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The Dark Ages: Back when wood was wood & you actually used phones to talk with others
This Drexel sideboard buffet wasn’t made of pressboard and didn’t break under the strain of a stack of paper plates.

Remember the Dark Ages?

That’s when furniture came preassembled.

There were no Allen wrenches or screws to deal with.

They were made out of a quaint product referred to as “solid wood.”

I admit I don’t have a lot of furniture.

That wasn’t always the case.

And most of the times I was smart about it, I saved up to buy solid furniture.

The times I wasn’t, it ended up being unceremoniously pushed out of the back of a U-Haul truck into the concrete pit at the Lovelace Transfer station within two years or so.

The worst was a kitchen table with four chairs bought from an up and coming home goods store chain in the late 1990s with a location in Stockton next to the Costco on Hammer Lane. It ended up having a shorter shelf life than a gallon of ice cream placed in front of a dozen starving 10 year olds on the Fourth of July.

I’ve forgotten the store’s name, but I’ll never forget the table.

It was the first “furniture” I’d ever bought that came in a box with the three words I’ve learned to loathe when they are strung together — “some assembly required.”

The table surface itself wasn’t “butcher block” as advertised but pseudo butcher block light.

The real wood was perhaps a half inch thick while the rest was compressed fiberboard.

It was made in Thailand. The instructions — which were incomplete and confusion — had a notation on the bottom “published in Vietnam.”

Any person with common sense would have stopped at that point, put everything back in the boxes, and returned it to the store.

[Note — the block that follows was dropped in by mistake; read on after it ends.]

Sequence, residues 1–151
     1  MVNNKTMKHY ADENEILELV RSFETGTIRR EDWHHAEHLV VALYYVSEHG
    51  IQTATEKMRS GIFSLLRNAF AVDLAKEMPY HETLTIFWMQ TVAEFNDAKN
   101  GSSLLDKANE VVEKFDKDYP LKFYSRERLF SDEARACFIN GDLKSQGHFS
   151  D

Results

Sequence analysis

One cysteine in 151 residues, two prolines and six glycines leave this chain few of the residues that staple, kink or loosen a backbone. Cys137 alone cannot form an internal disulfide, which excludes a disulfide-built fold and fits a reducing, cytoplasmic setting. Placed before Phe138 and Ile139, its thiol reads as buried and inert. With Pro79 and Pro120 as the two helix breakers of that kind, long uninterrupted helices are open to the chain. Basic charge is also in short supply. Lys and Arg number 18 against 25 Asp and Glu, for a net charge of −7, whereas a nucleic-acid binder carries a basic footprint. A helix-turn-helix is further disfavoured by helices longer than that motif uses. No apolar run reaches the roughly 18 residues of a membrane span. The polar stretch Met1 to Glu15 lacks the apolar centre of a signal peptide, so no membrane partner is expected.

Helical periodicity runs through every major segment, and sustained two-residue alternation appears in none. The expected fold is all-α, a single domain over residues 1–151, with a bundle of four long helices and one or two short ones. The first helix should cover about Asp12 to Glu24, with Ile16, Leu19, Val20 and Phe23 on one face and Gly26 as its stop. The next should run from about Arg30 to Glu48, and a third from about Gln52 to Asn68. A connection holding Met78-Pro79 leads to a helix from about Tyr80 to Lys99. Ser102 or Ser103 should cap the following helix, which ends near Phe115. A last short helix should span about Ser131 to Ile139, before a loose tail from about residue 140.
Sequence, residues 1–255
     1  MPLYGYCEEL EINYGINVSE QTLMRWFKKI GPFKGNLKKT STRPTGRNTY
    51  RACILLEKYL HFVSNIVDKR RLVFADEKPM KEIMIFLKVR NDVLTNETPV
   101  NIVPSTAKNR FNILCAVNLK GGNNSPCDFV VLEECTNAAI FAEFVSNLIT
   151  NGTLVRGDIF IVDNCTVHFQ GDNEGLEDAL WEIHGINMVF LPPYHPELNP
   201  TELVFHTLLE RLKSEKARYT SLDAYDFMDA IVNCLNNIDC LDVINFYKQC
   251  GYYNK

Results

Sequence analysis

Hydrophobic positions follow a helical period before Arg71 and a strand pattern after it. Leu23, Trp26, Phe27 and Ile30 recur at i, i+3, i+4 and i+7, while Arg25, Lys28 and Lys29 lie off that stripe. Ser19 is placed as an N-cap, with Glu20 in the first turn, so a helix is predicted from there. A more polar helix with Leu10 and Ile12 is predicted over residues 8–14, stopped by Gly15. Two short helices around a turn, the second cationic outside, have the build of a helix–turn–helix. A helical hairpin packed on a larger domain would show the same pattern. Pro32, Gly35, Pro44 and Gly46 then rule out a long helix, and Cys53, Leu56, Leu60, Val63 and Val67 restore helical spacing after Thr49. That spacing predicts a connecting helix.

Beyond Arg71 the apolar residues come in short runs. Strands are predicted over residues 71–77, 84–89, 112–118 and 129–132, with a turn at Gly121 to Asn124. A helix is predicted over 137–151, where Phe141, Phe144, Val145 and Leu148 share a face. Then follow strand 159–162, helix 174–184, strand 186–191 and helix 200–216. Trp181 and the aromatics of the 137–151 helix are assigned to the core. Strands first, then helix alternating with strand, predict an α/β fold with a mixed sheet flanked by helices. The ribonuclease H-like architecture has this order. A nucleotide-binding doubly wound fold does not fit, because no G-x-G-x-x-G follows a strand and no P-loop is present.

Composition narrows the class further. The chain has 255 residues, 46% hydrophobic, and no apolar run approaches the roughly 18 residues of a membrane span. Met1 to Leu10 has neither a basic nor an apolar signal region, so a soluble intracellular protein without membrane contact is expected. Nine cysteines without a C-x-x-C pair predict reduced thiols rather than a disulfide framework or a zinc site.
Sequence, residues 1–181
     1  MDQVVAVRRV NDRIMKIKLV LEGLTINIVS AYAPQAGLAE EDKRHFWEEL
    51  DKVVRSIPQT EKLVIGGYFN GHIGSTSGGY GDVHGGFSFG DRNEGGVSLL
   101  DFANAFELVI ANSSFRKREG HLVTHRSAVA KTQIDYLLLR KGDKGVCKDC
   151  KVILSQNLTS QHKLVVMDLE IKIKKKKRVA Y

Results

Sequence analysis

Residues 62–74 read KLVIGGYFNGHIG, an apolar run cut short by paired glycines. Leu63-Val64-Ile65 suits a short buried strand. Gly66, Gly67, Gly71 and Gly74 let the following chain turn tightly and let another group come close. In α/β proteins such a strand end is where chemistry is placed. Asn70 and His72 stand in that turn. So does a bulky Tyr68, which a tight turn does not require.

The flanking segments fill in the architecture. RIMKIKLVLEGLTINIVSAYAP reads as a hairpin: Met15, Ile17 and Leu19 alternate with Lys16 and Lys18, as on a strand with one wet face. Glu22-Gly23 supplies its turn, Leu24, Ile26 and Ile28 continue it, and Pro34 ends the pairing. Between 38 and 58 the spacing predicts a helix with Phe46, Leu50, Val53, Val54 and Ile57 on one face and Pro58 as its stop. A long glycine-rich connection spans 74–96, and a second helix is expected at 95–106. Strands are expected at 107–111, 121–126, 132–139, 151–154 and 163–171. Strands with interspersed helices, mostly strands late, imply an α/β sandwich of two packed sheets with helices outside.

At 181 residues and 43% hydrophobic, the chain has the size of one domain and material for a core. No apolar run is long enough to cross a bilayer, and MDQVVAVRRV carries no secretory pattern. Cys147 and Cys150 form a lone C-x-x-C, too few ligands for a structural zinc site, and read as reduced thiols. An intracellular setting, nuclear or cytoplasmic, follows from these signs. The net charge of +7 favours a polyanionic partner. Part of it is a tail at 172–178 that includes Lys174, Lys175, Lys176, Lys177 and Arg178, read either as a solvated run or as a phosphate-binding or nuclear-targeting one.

Assembling the so-called metal chairs required screws. And while three went together fine, the fourth didn’t. I found out after a couple hours of trying to figure out what went wrong, that a measurement had the hole on one “leg” an eighth inch lower than on the other matching pieces.

The vinyl-style back and seat cushions were secured with wooden screws that went through pre-drilled holes in the metal frame and into the pressed fiberboard seat bottoms.

The table ended up being wobbly after a week or so.

The fiberboard the screws weresunk into had started deteriorating.

We decided to take it back the following week.

Imagine how unshocked we were to find the store had gone out of business.

So we tossed the table and chairs into a pile in the backyard for a future dump run and retrieved the  1950s Formica top rectangle kitchen table supported by chrome legs we had stored in the garage.

It had four chairs that back in 1998 when they were pressed into service again, were already 38 years old.

Save for a standing desk from Staples, it was the last piece of furniture I’ve bought since then that came unassembled except for, of course, a bed’s headboard, footboard, and side rails.

And I waited to buy furniture until I have enough money saved or could do so interest free for a year to manage monthly payments within my budget. To be honest, with a 980 square-foot house and living by myself, I don’t have a lot of furniture.

And what I did have, I’ve given much of it away to make room for exercise equipment, weights and a workout area.

Among the items I gave away was a couch and loveseat I bought in 2008 from Hafer’s.

The person I gave them to had them for a few years before getting what they wanted. They then gave the couch and love seat to someone else who got rid of a newer set that didn’t wear well.

I mention the couch and love seat because earlier this year during a run to the transfer station, I ran into someone I knew who was lamenting about having to throw out a living room set they had bought from Wayfair when they started online sales in 2011.